The Greeks first coined the phrase, “Live free or die.” That may be a good philosophy for most of the dogs living here in Athens. Athenians do love their pets. Pet stores outnumber sports stores about 10:1. The problems with dogs as pets, is that most people in Athens live in apartments or multi-family buildings. There isn’t much in the way of green space and dog crapping areas. I notice most Athenians pick up after their dogs. Exceptions are the elderly who despite their intimate knowledge of their neighborhood never walk on the sidewalks at night. When given the choice of picking up dog crap off the street or getting run over by a speeding car most elderly have not attained old age by being foolish.
Dogs of every size and mixed breeds are found in our neighborhood of Lykovrisi. Like most people there are responsible considerate owners and a few others who shouldn’t have an ant farm.
When we lived and worked in Athens prior to the Olympics there were dogs everywhere. Dogs were sleeping in front of any shop that had food, lazing under trees and darting into traffic or crossing responsibly at the lights. Just prior to the Olympics, dogs and cats were rounded up in huge numbers. The dog population was decimated while the cats have repopulated to the same levels. Only the quickest and cleverest canines are still running the streets. Its a state secret where all the dogs went but sausage sales dropped off in Athens dramatically in 2004 I am told.
In Lykovrisi the area is almost all multi family upscale small apartment buildings with little or no yards. Everyone knows each other and their pets. A few doors down from us a lady lives in a ground floor unit with some citrus, olive and fig trees, a few flowers and a little patch of grass. She also has a cocker spaniel that smells like a popular local perfume and is groomed like a super model. Across the street a beagle spends about 12 hours a day on a 5′ wide balcony. Sun hits the balcony at least 4 hours of the day and the dog barks at passers by while sipping water from its bowl on days when the temperatures exceed 100 Fahrenheit. A beagle should be sniffing out new trails instead of sitting smelling its own urine on hot concrete .
I have several dogs in my life now. As you may know, our dog Zoe is enjoying a vacation of her own living at Pat’s house in Bishop. Days of swimming and sleeping in the shade of the spacious backyard agree with Zoe. When dogs age, they find traveling more stressful and start exhibiting unusual behavior. Zoe has given up her manic dirt eating and is acting the same as she did on the mini farm in Washington, relaxed and happy. Travel is stressful for elderly dogs and humans but we hope Pat and Zoe are still looking forward to a few more trips with us.
I have some other dogs too. At our air base we have about 25 strays. Three packs of about 7 or more dogs. A creek forms the territorial boundary for the packs. The east creek pack lives on the runway control tower side of the base with us and is made up of smaller and younger dogs. The West creek pack are mostly larger mature dogs and the North pack is made up of outcasts and newbies. When I cross the bridge over the creek walking west in the early morning I frequently encounter the west pack. It’s necessary to walk by the west pack like the alpha dog. One of the pilots crossed over to the other side of the road approaching the pack and got a nip on his Achilles for his show of weakness. The east pack dogs range in size from 10 to 40 lbs and its leader is a female long haired Dachshund. The ladies who work the control tower and meteorologic office often feed the dogs. A couple of sad specimens with damaged legs are the ones I feed. Dog packs share food, but its a hierarchical system and the lesser dogs often find that when the food is short, their share comes to zero. The Greek pilots, interpreters, mechanics and even the fuel truck drivers all take exception to me feeding the dogs. I find their criticism curious and one day I asked a few of them why they object to my charity. The dogs limp over, chow down and leave without a wag of tail or show of thanks. They never get underfoot, with the exception of the dachshund who is tolerated.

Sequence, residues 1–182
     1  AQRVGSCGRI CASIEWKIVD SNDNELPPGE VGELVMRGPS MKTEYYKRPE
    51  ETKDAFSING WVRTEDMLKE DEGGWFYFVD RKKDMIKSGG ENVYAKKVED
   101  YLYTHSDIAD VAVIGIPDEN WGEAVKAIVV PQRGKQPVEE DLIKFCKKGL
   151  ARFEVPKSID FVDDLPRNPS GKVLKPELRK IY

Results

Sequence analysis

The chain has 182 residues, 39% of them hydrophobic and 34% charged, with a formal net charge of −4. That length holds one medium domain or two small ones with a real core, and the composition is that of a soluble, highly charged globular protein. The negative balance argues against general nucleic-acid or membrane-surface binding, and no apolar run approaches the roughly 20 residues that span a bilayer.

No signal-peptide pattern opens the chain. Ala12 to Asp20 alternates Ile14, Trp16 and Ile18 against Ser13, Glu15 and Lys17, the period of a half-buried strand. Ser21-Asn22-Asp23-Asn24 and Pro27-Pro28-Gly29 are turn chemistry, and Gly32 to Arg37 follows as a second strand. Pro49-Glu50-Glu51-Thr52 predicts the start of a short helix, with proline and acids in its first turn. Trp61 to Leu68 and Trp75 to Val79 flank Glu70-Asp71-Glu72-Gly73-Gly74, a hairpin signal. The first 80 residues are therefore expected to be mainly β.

“So why the dislike for my feeding the dogs.” I ask the assembled Greeks one day.
“To a man,” they tell me “these dogs should be gone. They have no life and would be better dead.”
“Well!” I respond, “So, the country that invented democracy believes that you are better off kept, than living free? No wonder Greece is embracing socialism. You all want the government taking care of you from the cradle to the grave.”
The Greeks have witnessed my debating style previously and don’t jump up and beat me to a pulp.
I continued the dog debate with my Greek coworkers. “Its August,” I said “vacation month in Athens and we will see more abandoned dogs as vacationing families leave their dogs to fend for themselves. The European Union pumps a million dollars a year or more into Greece to aid in the domestic animal problem.”
“The base commander should get rid of the dogs” the Greeks tell me. “The dogs have no life here!” I argue that they have a better life than many of the dogs I see apartment bound in Athens. They have a free run of the base, once a week they have a good old fight on one of the bridges crossing the creek, they eat what they can, sleep where they want, have an unrestricted sex life and answer to no man.
I get the one shoulder shrug from my audience. They don’t agree with me. Debating with Greeks is like facing the pack, never show weakness. Perhaps the charity I bestow on the dogs is viewed as a weakness? Not leadership conduct becoming the Captain perhaps? Well a good leader makes his own choices and like my favorite bumper sticker states, the more people I meet,the more I like my dog.